Monday, May 3, 2010

Oil spill disaster is now 'out of control'

President Barack Obama will today visit the Gulf of Mexico coastline threatened by the giant oil spill, as experts warn that the spill from a ruptured oil rig might be growing five times faster than previously estimated.

The oil is gushing from BP's sunken Deepwater Horizon rig at 25,000 barrels a day and could reach 50,000 barrels a day, according to the National Oceanic and Atmospheric Administration. Earlier estimates had put the leak at 5,000 barrels a day.

Professor Ian MacDonald, an ocean specialist at Florida State University, said the new estimate suggested that the leak had already spread 9 million gallons of heavy crude oil across the Gulf. This compares with 11 million that leaked from the Exxon Valdez tanker when it hit a reef off Alaska in 1989.

Hans Gruber, a Miami University researcher, said that satellite images of the slick on Friday showed that it was three time bigger than estimated, covering an area of 3,500 sq miles (9,000 sq km), similar in size to Puerto Rico.

At the current estimated rate of leakage, it would take less than eight weeks for the huge spill to surpass the Exxon Valdez disaster.

The National Oceanic and Atmospheric Administration said that deteriorating conditions on the sea bed could result in a flow of 50,000 barrels a day, sufficient to produce one of America’s worst ecological disasters

Experts and officials said that their greatest fear was that a disintegration of pipes close to the rig could produce an “unchecked gusher” that would ravage America’s southern coastline.

High winds and rough seas hampered efforts to prevent the slick from reaching the coastline on Saturday, raising fears that there was no way to protect the fragile wetlands of Louisiana and its neighbouring states.

While the leading edge of the slick appears to be little more than a sheen, Bobby Jindal, the Louisiana Governor, warned that the millions of gallons of crude being driven into shore by southeasterly winds formed a potential catastrophe.

"This spill threatens not only our wetlands and our fisheries, but also our way of life," Mr Jindal told reporters. "They originally thought we would see heavier oil hitting us today. They've pushed that back until tomorrow."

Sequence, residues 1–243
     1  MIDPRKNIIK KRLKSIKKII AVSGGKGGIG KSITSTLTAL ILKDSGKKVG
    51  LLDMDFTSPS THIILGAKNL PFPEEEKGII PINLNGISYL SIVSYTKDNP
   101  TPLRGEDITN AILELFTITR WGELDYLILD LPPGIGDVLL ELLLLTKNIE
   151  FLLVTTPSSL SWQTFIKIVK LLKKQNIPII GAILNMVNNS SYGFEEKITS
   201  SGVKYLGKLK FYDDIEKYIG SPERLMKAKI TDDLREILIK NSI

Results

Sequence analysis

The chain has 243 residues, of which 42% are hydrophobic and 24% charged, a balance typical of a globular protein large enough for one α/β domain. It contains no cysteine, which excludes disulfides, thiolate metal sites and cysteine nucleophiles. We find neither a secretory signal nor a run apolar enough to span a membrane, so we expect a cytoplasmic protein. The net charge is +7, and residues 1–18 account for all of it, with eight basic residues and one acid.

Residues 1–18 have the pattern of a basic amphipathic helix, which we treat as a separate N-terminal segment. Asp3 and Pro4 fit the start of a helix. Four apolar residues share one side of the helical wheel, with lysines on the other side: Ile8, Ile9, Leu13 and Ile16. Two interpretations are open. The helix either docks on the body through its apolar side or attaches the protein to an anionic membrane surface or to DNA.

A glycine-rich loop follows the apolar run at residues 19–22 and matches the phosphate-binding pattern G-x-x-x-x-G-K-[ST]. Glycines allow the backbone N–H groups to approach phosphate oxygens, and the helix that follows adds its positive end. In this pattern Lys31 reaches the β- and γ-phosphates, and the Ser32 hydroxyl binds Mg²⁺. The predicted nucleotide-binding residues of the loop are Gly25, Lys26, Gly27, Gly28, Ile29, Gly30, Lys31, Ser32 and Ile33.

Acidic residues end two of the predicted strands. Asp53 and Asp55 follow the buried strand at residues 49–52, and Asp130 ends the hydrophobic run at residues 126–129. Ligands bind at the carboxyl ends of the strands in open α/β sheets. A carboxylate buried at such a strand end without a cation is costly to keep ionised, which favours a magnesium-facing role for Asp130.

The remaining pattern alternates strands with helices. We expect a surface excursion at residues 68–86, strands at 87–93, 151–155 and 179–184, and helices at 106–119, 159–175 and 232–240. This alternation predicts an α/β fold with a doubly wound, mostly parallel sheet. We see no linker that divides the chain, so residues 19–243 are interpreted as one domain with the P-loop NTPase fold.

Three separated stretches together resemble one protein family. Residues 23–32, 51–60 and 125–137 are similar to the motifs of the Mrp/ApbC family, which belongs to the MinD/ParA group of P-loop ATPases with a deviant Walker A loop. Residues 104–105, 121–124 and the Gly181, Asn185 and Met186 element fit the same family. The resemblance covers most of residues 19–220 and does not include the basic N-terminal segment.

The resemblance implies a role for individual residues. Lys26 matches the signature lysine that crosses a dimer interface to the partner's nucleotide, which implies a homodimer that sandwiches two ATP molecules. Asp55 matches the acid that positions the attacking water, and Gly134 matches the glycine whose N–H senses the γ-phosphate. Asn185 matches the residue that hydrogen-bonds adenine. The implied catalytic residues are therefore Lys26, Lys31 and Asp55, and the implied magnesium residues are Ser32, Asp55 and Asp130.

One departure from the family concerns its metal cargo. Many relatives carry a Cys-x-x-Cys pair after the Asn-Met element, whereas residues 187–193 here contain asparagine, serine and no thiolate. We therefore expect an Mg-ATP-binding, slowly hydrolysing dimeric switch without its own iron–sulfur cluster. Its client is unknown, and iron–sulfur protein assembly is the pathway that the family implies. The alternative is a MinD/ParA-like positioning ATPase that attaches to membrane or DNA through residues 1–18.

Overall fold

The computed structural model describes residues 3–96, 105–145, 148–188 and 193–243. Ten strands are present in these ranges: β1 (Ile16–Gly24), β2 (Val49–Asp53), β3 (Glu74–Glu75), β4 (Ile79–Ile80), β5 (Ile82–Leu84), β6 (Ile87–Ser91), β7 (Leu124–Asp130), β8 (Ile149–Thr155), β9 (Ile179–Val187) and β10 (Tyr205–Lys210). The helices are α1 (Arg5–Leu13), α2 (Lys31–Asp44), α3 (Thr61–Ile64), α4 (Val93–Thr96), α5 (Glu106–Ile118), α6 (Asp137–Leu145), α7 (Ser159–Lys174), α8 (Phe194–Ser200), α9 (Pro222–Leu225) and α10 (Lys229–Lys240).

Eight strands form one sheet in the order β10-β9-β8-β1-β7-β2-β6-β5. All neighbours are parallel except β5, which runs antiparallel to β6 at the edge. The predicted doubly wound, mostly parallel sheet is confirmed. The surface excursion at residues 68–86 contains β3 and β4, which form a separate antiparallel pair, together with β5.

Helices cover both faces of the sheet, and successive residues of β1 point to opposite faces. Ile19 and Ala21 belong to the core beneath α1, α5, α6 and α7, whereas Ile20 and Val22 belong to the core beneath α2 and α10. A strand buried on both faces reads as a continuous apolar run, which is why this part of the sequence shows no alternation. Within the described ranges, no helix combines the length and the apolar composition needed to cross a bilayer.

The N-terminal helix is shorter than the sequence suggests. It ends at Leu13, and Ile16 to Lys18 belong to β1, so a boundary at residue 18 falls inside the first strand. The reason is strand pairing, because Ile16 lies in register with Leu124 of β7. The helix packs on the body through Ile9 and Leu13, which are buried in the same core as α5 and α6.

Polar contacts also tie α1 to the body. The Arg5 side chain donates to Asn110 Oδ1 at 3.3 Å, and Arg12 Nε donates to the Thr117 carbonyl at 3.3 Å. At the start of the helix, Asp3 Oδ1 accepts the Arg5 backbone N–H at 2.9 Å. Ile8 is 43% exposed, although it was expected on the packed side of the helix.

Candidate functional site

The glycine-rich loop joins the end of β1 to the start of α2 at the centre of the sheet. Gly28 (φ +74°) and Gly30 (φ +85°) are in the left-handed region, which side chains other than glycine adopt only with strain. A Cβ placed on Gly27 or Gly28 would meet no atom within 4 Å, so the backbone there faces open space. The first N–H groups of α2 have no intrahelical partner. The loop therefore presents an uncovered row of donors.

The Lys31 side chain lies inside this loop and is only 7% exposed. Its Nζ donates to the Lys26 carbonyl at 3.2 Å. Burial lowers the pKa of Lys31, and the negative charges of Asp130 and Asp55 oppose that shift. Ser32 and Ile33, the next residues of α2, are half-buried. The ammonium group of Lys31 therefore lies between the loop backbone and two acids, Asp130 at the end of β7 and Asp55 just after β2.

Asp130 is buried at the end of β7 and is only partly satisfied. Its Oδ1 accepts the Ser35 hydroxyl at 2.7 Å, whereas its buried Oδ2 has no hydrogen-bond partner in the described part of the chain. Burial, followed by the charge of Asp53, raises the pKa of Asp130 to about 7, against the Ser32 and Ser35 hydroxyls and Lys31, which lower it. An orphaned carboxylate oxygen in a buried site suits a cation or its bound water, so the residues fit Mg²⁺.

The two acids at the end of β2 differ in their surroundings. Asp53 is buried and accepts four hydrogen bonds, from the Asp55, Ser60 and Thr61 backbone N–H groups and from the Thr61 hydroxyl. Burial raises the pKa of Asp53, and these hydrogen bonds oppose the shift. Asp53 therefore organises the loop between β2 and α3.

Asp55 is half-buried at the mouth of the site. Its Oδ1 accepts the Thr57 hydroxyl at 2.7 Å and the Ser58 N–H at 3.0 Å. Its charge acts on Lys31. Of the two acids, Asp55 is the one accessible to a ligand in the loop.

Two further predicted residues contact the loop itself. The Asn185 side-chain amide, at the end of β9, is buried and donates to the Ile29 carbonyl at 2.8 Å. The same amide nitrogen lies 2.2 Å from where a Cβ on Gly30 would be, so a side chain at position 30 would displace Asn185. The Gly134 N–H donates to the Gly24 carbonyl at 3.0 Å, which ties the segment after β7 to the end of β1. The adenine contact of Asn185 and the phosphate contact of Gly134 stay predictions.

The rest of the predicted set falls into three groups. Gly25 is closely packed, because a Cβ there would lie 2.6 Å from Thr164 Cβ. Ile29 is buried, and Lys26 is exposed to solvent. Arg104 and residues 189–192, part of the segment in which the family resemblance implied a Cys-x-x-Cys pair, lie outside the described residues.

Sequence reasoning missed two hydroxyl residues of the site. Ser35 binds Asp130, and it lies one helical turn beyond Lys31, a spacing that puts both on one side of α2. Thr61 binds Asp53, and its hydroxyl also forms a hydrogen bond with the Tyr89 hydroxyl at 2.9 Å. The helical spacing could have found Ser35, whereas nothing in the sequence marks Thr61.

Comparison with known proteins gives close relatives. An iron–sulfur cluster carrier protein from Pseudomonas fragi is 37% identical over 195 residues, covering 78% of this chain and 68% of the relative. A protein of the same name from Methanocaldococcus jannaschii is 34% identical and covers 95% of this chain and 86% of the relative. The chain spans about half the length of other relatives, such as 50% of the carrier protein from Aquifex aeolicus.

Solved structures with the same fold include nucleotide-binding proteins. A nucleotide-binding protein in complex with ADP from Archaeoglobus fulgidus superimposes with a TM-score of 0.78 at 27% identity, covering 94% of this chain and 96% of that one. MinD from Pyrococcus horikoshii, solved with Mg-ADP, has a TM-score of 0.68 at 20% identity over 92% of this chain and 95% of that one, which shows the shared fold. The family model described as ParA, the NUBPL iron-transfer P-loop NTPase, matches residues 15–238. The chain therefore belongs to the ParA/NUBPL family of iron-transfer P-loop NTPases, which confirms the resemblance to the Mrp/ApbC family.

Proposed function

Environmentalists said it could take decades for the maze of marshes — more than 40 per cent of America's ecologically fragile wetlands — to recover if waves simply wash the oil over miles of boom set up to protect the coast.

"The surface area is huge," said Mark Floegel, a researcher with Greenpeace. "There probably isn't enough boom in the world to protect what needs to be protected."

Commandant Admiral Thad Allen of the US Coast Guard said the adverse weather conditions meant that a major shore impact was inevitable.

"There's enough oil out there, I think it's logical to assume that it will impact the shoreline. The question is when and where," he told reporters.

Meanwhile criticism of BP was intensifying for apparently underestimating the scale of the disaster.

The British oil giant faces questions over how much it knew about previous problems with “blowout preventers”, the giant underwater valves designed to shut down oil flow in the event of accidents.

The valves on the rig failed to work after it exploded on April 20. BP technicians have been unable to activate them even though they appear to be undamaged by the blast.

BP has calculated that it might take up to three months to sink a new well that could cut off the flow of the Deepwater Horizon’s oil.

The worst oil spill affecting US waters was caused by a 1979 blowout aboard the Ixtoc, a Mexican rig that discharged at least 130 million gallons, 600 miles south of the Texas coast. It took nine months to plug the leak.

Now Watch Gas and seafood go up rapidly.

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